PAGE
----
In a report published in March, a U.N. Security Council committee investigating violations of sanctions against Angola's UNITA rebel movement found that Bulgaria had supplied weapons and training to the rebels. Bulgaria set up a commission of inquiry into the charges; on May 9 the commission announced that it had found no evidence of a violation of the embargo. (See Arms chapter.)
Defending Human Rights
Local nongovernmental organizations continued to report vigorously on human rights abuses in Bulgaria. The Bulgarian Helsinki Committee (BHC) covered a wide range of issues. The Human Rights Project addressed freedom of conscience and religious freedom, while the Tolerance Foundation focused on the situation of Roma. Women's human rights activists continued to press for state action to protect women from domestic violence, advocating for changes in the penal code to criminalize domestic violence. On November 9, 1999, four members of the parliament submitted a draft Denominations Act prepared by leading human rights groups. The parliament rejected the draft on February 2, 2000.
The Role of the International Community
On December 8, 1999, the U.N. Committee on Economic, Social and Cultural Rights welcomed Bulgaria's extensive efforts to comply with its obligations under the covenant. It expressed concern, however, with continued discrimination against the Roma in education, social benefits, access to land, and other areas. The committee also criticized restrictions on the right to strike and the lack of opportunities for minorities to receive education in their own languages.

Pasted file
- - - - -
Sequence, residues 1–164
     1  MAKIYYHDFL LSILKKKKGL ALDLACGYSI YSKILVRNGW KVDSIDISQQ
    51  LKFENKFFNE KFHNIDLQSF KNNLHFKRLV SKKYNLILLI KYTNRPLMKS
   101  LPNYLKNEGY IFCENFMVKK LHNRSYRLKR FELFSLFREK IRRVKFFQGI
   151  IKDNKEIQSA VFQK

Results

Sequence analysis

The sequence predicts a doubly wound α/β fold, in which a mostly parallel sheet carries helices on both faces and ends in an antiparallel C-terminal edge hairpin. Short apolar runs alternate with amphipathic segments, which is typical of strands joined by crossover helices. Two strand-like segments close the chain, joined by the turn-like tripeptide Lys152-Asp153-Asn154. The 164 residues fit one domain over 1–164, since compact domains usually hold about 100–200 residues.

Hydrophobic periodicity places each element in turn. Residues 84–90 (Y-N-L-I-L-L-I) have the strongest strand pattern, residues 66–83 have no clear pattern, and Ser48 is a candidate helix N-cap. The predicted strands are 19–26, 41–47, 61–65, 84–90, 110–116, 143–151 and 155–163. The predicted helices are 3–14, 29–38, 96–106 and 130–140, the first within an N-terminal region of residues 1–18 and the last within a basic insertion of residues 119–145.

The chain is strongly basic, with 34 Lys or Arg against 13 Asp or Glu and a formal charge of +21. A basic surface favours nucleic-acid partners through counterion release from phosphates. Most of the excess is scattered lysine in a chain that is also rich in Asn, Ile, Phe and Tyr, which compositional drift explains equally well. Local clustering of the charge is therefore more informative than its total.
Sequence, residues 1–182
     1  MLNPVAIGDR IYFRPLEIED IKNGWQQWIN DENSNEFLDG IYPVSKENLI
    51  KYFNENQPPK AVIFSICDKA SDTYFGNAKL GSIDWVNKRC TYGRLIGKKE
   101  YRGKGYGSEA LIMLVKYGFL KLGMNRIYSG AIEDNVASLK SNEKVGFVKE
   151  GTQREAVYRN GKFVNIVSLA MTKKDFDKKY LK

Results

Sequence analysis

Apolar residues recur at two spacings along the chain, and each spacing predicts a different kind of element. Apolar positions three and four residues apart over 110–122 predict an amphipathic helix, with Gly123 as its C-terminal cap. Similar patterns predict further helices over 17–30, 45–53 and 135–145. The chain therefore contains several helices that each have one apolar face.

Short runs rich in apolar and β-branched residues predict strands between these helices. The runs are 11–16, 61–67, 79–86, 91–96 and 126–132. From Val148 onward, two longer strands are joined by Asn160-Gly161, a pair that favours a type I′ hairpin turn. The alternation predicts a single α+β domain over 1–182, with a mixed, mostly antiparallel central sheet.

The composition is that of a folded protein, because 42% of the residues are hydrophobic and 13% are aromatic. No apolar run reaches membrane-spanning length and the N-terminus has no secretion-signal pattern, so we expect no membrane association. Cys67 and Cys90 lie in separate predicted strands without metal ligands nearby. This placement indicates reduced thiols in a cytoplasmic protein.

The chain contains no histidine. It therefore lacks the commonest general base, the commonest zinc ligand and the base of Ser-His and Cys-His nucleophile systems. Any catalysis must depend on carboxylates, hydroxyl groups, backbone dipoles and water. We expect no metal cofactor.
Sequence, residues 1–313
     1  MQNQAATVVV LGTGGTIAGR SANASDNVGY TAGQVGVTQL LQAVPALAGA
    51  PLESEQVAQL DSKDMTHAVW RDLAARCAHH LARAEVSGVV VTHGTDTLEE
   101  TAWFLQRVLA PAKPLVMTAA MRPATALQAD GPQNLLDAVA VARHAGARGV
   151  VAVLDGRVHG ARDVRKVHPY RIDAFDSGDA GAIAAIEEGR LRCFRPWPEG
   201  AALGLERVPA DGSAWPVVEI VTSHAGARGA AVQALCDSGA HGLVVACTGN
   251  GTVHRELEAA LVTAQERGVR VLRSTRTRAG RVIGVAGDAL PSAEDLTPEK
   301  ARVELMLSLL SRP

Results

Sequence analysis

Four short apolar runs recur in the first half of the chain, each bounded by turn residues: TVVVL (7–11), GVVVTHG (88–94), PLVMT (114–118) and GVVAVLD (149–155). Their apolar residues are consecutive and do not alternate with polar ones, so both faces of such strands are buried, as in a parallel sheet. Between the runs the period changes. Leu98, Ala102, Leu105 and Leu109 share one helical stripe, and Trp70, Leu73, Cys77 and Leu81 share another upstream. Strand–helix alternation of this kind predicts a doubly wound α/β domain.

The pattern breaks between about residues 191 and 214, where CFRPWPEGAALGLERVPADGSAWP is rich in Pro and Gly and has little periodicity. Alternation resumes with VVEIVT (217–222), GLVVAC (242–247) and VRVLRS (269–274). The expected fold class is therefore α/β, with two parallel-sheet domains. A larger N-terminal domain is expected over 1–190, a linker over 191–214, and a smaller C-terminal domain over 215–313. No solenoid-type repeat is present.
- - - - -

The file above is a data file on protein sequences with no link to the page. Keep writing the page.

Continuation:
Organization for Security and Cooperation in Europe (OSCE)
OSCE High Commissioner on National Minorities Hans Van der Stoel delivered a report on the situation of Roma and Sinti in the OSCE area in March 2000. The high commissioner criticized employment discrimination in Bulgaria and pointed out that fourteen Romani men reportedly died in police custody between 1992 and 1998. Although the report noted that disproportionate numbers of Romani children are sent to "special schools" for mentally disabled children, it concluded that the practice is less prevalent than in the Czech Republic, Slovakia, and Hungary.
Council of Europe
On January 26, the Council of Europe's Parliamentary Assembly ended a three-year monitoring procedure for Bulgaria, on the grounds that the country was committed to democratic reform and made major steps forward on the road to democracy. A final report by the Council of Europe rapporteurs acknowledged democratic achievement in Bulgaria but also called for improvements in the independence of the judiciary and the media, the rights of minorities, the functioning of local self-government, and for additional efforts to combat corruption and police brutality. In the case of Velikova v. Bulgaria, regarding the 1994 police beating and death of a Roma man, Slavcho Tsonchev, the European Court of Human Rights ruled on May 18 that Bulgaria had violated the right to life and the right to an effective remedy.
In December 1999, the European Council opened negotiations for Bulgarian accession to the European Union. On July 5, the European Parliament recommended to the E.U. council that Bulgaria be taken off the list of countries whose citizens need a visa to enter the E.U. border-free territory. President Stoyanov expressed concern on July 6 that Bulgaria was regarded as an outsider in the E.U. enlargement process.
During a November 1999 visit, President Clinton encouraged Bulgaria to persist in building a free society and, in apparent disregard of ongoing abuses, hailed the country's tolerance toward various ethnic groups, but he also raised arms trade concerns with the Bulgarian prime minister. Prior to the visit, the United States extended a U.S. $25 million grant to Bulgaria to mitigate the effects of the Kosovo crisis and to ease the social burden of economic reform.